Obama to announce measures to boost SE Asia economies
WASHINGTON—US President Barack Obama on Tuesday is to announce a package of measures designed to boost Southeast Asian economies, betting that the fast-growing region can be an ever more important trade partner.
The plan will establish three offices in Jakarta, Bangkok and Singapore to boost the US government’s “economic engagement with Asean institutions,” officials said.
The White House sees the 10-member Association of Southeast Asian Nations (Asean) as an emerging regional counterweight to China’s regional dominance. Obama and Asean leaders held a two-day summit in California.
Collectively, the countries are the fourth-largest trading partner for the United States.
The White House said “two-way trade in goods and services has tripled since the 1990s, topping $254 billion in 2014,” supporting around half a million US jobs.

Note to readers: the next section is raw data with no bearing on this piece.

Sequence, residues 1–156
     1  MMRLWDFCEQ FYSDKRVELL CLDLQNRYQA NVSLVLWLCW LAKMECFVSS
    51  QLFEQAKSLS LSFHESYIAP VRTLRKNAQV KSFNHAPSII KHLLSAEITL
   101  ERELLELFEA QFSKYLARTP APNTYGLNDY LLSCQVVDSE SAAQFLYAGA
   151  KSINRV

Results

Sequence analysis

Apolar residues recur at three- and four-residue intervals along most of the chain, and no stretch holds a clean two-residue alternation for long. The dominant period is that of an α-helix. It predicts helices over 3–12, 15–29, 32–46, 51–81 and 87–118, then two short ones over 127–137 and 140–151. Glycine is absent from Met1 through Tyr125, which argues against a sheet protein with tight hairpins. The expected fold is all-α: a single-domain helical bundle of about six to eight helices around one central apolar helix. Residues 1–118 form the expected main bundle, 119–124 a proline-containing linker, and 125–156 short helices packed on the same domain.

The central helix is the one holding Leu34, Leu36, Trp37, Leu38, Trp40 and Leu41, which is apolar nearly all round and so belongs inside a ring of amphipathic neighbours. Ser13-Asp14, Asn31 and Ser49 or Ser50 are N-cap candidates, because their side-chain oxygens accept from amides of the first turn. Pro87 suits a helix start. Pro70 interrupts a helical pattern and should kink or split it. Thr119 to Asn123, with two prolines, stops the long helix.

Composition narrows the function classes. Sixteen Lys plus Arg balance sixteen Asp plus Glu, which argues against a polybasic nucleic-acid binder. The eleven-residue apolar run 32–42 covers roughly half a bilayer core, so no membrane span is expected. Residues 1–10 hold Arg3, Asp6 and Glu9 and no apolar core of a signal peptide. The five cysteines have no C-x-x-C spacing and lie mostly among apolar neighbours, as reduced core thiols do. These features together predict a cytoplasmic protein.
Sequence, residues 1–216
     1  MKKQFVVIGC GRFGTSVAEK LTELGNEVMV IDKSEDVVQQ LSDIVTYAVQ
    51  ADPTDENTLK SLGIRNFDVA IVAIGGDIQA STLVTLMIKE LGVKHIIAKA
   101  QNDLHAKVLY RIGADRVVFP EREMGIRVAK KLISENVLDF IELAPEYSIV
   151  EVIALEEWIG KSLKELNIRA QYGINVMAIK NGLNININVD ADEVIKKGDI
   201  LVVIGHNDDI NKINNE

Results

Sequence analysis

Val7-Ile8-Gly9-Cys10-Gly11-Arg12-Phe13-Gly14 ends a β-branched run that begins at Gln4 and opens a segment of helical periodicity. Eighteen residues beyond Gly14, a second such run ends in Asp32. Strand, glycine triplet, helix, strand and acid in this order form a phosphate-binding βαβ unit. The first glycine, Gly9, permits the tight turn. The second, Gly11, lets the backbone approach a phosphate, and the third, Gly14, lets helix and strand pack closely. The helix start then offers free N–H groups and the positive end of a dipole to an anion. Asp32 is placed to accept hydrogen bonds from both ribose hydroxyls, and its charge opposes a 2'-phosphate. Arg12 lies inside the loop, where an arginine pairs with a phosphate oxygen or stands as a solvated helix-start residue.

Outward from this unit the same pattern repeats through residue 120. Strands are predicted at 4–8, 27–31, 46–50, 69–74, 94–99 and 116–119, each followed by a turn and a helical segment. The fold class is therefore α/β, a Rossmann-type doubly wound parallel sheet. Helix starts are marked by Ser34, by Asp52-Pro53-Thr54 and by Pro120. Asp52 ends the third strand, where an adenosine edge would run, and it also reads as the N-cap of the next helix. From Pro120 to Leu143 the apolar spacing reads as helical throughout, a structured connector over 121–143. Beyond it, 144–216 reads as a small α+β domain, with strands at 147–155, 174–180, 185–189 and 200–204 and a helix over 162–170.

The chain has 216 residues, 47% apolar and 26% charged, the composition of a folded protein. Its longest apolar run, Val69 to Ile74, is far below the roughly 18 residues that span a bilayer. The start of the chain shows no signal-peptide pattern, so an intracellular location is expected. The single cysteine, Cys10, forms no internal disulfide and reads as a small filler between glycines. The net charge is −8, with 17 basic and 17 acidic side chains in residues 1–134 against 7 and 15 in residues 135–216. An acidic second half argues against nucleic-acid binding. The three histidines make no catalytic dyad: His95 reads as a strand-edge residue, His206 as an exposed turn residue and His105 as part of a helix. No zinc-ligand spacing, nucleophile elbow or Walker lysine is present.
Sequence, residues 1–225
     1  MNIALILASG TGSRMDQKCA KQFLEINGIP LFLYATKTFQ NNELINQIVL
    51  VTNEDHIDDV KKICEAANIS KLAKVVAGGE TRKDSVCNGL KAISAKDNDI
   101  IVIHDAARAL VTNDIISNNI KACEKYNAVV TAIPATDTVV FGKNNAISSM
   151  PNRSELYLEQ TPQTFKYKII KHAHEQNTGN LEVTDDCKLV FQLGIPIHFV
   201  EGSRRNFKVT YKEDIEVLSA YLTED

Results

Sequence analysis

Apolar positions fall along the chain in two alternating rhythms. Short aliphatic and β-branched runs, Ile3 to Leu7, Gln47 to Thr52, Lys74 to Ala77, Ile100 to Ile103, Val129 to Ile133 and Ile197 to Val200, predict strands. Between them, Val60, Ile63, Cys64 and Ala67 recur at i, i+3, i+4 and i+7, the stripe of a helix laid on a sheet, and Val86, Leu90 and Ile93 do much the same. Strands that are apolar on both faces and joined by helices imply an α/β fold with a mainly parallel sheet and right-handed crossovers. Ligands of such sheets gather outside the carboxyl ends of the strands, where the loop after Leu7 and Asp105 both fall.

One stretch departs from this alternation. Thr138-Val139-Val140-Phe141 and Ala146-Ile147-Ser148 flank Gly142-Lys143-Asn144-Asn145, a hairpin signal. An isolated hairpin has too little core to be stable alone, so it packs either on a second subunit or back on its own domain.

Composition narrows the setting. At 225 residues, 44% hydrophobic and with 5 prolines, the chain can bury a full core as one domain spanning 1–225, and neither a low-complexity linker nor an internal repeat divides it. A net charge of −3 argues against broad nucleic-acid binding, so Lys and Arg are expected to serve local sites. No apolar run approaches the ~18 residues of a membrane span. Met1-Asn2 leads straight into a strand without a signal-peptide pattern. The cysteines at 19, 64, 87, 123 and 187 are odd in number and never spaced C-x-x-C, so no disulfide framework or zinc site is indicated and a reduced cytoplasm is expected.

“We have an increasingly deep and broad economic relationship with Asean,” said US Ambassador to Asean Nina Hachigian.
Asean includes Brunei, Burma (Myanmar), Cambodia, Indonesia, Laos, Malaysia, the Philippines, Singapore, Thailand and Vietnam.
While Southeast Asian economies are youthful and fast-growing, many sectors remain under the control of government special interests.
But countries like Indonesia are beginning to open up. Its president, Joko Widodo, recently announced steps to open the economy to foreign investment that were welcomed in Washington.
The new “US-Asean Connect” package will include technical advice on how countries, like Indonesia and the Philippines, can prepare to join the Trans-Pacific Partnership, a vast Pacific-wide trade deal that is in the process of being ratified.
Other measures will focus on improving trade ties in communications and infrastructure, among other sectors, streamlining current government programs.
The measures will also address the power sector, an area where China has been especially active, building dams along the upper Mekong. AFP
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